music reverberates off the ceiling. A
tune by the ‘80s super-pop group The Go-Go's
gets the day started and the crowd is
drawn to a man sitting on a stool.
take long to realize The Crossing
Community Church is different from most
senior pastor Mike Harper, that's quite
October, a two-year renovation project
on the 20-year-old building at 2542 W.
Warner Road, Chandler, culminated with
The Crossing's first public Sunday
service. It also allowed Harper's
longtime vision—opening a church that
catered to those who tend to stay away
from churches—to become a reality.
the steps of the main stage, Harper
describes his inspiration, a church in
Chicago that had 25,000 members.
catered to the non-churchgoer. Seeing
that, it grew (in my head), it really
resonated with me," said Harper, whose
sermons are offered from on top of a
stool instead of behind an altar.
is not on the churchgoer or someone who
has gone to church since they were a
child. It's on the de-churched."
band plays contemporary music. Services
incorporate what purists may consider
secular themes. For example, over the
holidays Harper used clips from the
movie The Polar Express and lessons
inspired by Dr. Suess' How the Grinch
programs that resonate with people, that
are practical and relevant to their
life. (They show that) church can make
sense, and people get it," Harper said.
very loose and informal structure."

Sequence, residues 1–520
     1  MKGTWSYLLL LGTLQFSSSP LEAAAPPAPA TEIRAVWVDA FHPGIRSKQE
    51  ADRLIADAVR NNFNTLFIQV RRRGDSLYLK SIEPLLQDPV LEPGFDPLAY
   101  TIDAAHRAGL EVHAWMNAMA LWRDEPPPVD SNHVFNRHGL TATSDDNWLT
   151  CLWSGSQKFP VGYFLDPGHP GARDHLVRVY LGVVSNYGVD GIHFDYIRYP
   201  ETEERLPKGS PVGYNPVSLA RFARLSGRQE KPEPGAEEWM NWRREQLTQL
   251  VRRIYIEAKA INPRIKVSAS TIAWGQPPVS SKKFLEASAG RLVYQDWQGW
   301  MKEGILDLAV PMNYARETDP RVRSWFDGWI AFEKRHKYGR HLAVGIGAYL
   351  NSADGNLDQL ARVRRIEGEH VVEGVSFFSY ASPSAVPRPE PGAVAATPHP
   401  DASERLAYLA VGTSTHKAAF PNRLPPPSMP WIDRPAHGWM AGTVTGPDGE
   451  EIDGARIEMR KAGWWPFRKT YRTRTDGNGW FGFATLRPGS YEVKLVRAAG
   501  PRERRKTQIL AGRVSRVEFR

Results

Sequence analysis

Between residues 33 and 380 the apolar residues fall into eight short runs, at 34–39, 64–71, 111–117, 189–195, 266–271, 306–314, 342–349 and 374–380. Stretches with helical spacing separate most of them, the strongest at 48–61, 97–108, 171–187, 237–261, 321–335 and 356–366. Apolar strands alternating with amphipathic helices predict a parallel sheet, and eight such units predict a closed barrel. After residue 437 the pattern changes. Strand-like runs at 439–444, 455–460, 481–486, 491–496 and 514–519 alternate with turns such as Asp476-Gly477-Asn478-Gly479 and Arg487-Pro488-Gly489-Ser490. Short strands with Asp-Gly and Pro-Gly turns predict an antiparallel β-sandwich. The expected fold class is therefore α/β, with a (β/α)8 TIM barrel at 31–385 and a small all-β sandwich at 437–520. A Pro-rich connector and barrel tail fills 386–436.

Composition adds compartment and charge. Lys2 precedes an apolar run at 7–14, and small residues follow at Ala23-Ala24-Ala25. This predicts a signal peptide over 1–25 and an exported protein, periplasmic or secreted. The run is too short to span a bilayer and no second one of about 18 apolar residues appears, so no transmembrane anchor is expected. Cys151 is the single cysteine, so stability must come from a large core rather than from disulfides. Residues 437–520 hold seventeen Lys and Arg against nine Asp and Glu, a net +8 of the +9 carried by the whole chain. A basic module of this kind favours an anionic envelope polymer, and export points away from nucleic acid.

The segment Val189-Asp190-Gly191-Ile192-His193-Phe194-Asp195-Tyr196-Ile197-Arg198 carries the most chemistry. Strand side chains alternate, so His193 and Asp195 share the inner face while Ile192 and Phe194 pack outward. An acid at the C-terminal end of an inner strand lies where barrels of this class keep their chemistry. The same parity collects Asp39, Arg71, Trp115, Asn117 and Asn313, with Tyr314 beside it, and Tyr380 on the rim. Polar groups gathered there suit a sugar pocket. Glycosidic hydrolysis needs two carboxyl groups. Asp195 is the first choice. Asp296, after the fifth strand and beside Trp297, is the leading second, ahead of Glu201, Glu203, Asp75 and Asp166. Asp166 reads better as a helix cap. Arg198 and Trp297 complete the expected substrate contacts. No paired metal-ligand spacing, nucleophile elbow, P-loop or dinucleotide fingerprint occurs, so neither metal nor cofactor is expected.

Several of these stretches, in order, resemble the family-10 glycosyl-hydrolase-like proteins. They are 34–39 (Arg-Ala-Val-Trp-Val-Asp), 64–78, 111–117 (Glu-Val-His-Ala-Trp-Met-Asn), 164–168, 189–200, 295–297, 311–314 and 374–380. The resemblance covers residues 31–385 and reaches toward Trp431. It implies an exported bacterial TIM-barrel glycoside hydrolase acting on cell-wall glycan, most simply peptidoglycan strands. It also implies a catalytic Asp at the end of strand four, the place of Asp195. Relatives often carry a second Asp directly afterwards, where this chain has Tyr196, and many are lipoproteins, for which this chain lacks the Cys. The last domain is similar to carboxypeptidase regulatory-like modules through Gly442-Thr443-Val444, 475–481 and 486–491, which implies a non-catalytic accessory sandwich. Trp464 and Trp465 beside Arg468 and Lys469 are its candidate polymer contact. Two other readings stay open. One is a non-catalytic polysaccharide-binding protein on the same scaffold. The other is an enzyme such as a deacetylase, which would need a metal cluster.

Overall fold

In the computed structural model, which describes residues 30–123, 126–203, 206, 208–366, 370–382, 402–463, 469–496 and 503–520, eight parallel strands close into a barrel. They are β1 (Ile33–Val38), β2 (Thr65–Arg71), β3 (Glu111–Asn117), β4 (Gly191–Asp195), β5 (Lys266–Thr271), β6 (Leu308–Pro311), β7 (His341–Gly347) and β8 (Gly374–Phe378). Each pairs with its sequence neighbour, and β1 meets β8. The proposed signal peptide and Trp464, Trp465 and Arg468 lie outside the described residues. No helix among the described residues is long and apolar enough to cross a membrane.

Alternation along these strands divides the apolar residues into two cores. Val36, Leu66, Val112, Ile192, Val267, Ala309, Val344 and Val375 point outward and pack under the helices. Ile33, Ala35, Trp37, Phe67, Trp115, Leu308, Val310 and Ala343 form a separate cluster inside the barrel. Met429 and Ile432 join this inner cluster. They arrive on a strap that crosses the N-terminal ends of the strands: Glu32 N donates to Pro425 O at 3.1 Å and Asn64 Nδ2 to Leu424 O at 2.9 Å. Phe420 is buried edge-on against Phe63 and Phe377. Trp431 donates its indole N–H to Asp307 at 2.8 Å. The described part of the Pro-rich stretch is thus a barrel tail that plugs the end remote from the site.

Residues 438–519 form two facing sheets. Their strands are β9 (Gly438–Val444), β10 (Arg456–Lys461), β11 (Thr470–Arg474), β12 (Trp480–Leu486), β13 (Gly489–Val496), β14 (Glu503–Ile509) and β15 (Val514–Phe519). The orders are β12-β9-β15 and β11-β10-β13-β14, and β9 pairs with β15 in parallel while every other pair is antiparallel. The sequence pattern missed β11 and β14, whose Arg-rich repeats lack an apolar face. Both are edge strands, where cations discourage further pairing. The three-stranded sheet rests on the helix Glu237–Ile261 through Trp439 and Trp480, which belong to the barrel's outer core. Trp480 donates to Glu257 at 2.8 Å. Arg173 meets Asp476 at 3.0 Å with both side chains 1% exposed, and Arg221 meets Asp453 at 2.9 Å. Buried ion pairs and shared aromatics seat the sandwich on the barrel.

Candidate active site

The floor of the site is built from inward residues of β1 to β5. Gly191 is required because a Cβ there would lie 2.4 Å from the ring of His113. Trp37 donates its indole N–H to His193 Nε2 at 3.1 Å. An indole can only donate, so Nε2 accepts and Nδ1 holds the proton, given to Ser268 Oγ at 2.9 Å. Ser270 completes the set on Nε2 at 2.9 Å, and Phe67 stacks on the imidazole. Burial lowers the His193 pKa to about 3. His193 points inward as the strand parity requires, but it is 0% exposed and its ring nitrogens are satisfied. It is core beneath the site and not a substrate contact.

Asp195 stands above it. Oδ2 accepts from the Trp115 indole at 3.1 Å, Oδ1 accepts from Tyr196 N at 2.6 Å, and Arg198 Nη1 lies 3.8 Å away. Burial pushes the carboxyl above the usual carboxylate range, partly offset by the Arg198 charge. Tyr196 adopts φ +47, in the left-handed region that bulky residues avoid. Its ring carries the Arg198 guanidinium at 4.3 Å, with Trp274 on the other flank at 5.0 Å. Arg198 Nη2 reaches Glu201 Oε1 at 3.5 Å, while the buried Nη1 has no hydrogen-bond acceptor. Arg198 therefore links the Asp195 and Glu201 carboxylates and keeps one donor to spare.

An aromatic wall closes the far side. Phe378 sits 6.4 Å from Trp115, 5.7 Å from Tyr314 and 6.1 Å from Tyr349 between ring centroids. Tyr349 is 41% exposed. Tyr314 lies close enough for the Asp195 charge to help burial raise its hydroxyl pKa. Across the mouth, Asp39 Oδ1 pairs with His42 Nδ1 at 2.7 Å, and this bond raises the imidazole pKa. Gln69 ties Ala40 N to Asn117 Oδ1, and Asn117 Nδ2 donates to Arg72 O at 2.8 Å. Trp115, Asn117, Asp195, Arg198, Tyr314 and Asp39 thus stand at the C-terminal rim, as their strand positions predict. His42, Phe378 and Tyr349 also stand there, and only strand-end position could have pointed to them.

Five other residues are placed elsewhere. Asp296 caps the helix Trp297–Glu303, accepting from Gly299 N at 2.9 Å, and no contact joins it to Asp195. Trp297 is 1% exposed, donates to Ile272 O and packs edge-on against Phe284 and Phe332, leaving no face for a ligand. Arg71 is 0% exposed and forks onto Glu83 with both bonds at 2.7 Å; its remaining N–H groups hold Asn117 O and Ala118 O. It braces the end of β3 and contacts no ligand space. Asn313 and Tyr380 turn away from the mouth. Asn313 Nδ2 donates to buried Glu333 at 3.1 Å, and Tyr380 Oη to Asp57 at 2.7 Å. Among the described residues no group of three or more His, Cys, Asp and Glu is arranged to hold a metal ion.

and his fellow leaders at The Crossing
use a highly strategic approach in
getting word out to their neighbors.
definitive marketing plan boasts a
snazzy web site, color ads in print
publications and a direct mail campaign.
Downloadable video clips are available
for those who wish to have the messages
on their iPods.
building, owned by the Assemblies of
God, has been around since the early
1980s. During that time Harper said
there have been three or four different
churches before it entered a period of
dormancy in 2003.
countless volunteer hours and $280,000
achieved through refinancing, Harper and
two friends revamped the inside and
outside of what had been a lifeless
shell, getting rid of the old
"Pepto-Bismol pink" and bringing in new
furnishings and updated earthy and deco
Everything, from the women's restroom
that resembles one in a Scottsdale
resort, to the $200,000 technology
system that brings to life the screens,
lights and sound system, is designed to
make people comfortable and give them
reasons to be there.
who lives in Chandler with his family,
said that the church's name symbolizes
"crossing the line into faith."
this could also apply to his unorthodox
pastoral style, which crosses
chooses to eliminate any distance
between himself and his members by
talking with them instead of lecturing
to them, and wearing jeans and a polo
shirt, an ensemble similar to what they
might be wearing. He is known simply as
"Mike," sans any formal titles.
generation pastor originally from Texas,
Harper admitted it took his own father a
while to grasp the concept and
characteristics. When he asked Harper
how visitors would know he was the
pastor since he lacked the attire and
title indicative of traditional
churches, Harper responded by asking him
how could people distinguish him from
the many members who donned suits and
‘They just know.'
And I said, ‘Well, that's the same
thing. People just know. They feel it."